Guymer Bailey Landscape

We're hiring a Graduate Landscape Architect

Our Brisbane Studio is currently looking for a Graduate Landscape Architect to join our team.

Guymer Bailey Landscape is a landscape design specialisation within Guymer Bailey Architects. Since its inception in 1989, Guymer Bailey has been committed to integrating landscape design with architecture through all of our projects.

We are an enthusiastic team of landscape architects who work on a variety of projects for both public and private sector clients. Recent projects have included residential gardens, community facilities, sport and recreational facilities, streetscapes, public transport as well as large scale infrastructure.

We are seeking a Graduate Landscape Architect for a full time position in our Brisbane office with the following attributes:

  • A bachelor’s degree in Landscape Architecture (from an accredited university course)

  • One to three years post-graduate experience in a landscape design practice

  • Strong communication skills - both written and verbal

  • Able to work independently and as a team member

  • Strong graphic design skills

  • Proficient computer skills in CAD (particular ArchiCAD), Adobe Suite and Microsoft Office

  • Willingness to develop their professional capabilities

As a part of Guymer Bailey Landscape you will be required to provide input into a range of services including master planning, design and documentation, and contract administration of landscape architecture and urban design projects.

We encourage and support all of our staff to develop their professional skills and to remain intellectually and technically up to date by undertaking professional development and training programs.

If you share our goals, have the required skills, are self-motivated and would enjoy working as part of our team then we would like to hear from you!

Competitive remuneration will be offered commensurate with skills and experience.

If you are interested in joining our Brisbane landscape team please contact:

Contact: Rob Waddell

Email: landscape@guymerbailey.com.au

Changes in playground design

By Rob Waddell

Significant changes have been happening in playground design over the last few years due to greater recognition around the health and cognitive benefits of play, a strong desire to get children active and outside, and modifications to playground safety standards that acknowledge the benefit of graduated challenges which teach children how to manage risk.

Out of all of the changes, we have found three key trends are emerging, and these are influencing the design of playgrounds both nationally and internationally.

1. Unlocking imagination through theming

Photography by Scott Burrows

Photography by Scott Burrows

With the introduction of video games and tablets, there is no question that the way a child plays and interacts with the world has changed.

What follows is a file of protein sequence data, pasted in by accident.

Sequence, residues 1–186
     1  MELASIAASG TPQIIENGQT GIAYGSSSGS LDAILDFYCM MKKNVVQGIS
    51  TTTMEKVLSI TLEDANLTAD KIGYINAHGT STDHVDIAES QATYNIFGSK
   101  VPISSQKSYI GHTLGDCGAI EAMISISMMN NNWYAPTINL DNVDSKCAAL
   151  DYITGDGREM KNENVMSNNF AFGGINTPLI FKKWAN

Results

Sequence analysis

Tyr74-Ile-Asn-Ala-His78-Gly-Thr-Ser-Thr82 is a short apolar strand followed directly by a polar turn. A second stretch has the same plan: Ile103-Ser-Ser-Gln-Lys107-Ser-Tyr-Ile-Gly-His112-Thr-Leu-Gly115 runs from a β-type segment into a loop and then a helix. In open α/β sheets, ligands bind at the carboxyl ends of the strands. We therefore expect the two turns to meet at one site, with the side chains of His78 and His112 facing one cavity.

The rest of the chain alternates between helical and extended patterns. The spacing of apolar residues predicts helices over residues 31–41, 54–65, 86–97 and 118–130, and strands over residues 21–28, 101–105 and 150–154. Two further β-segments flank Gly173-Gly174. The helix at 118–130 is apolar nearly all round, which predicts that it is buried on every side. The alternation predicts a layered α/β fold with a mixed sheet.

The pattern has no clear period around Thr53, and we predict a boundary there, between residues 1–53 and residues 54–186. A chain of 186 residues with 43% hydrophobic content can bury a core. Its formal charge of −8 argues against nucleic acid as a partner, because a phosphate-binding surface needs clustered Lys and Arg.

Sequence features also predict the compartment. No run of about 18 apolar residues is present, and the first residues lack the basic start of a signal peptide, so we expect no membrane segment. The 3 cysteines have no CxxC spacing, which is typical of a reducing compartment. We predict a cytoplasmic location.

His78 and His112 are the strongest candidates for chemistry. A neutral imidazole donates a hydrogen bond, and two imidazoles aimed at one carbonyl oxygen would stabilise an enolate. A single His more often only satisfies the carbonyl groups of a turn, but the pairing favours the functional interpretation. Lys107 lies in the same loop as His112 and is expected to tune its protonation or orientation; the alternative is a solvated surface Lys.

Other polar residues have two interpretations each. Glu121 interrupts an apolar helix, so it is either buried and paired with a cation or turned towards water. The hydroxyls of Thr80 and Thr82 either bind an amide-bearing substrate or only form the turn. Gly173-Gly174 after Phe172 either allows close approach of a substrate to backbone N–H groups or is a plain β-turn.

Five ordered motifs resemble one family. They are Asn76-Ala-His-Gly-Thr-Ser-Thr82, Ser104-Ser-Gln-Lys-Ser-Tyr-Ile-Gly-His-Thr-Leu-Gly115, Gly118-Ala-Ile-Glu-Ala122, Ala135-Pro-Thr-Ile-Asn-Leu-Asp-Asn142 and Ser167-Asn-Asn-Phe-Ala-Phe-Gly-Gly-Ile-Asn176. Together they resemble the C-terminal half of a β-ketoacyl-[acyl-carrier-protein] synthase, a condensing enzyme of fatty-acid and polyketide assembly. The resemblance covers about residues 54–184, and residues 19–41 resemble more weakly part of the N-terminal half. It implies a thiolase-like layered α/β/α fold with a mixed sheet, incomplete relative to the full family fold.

Twenty years ago outdoor play was a way of life for us; we would disappear for hours on end building forts, riding bikes and playing sports. But now, with so much entertainment and stimulation available indoors, greater incentive to switch from screen time to green time is needed.

This has seen a rise in playground themes to evoke the imaginations of children, allowing spaces to be interpreted and used in a number of different ways to create a unique play experience for each child.

One example of this is the Frew Park Arena Play Structure Guymer Bailey Landscape designed. Built on the grounds where the iconic Milton tennis stadium once stood in Brisbane, its theme ‘deconstruction’ honours the history of the site with play precincts that reflect stadium spaces.

The grandstand is brought to life with large precast concrete panels of varying heights and angles, and it even features a commentary box – a steel-mesh box suspended eight metres above the ground, to offer greater thrill to playground goers.

2. Getting back to nature

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With many children experiencing nature deficit disorder not being able to play in the creek, squish mud in between their fingers and toes, climb trees and get dirty in play, there is a growing demand to create this experience within the playground environment.

This is particularly important for kindy children who benefit from the sensory experience nature play can produce.

From mud pits and water play to sitting on logs around a fire pit, roasting marshmallows for story time, nature play experiences allow children to enjoy the beauty and simplicity of nature, and hopefully inspire a deep love for the outdoors.

The key to nature play is to make it authentic using as many raw materials as possible. There are many plastic replicas available, but they do not create the same experience for children. Nature play areas should also be flexible, allowing for a wide variety of activities, sensory experiences and individual play interpretations – such as logs that can be used for sitting, standing or balancing on.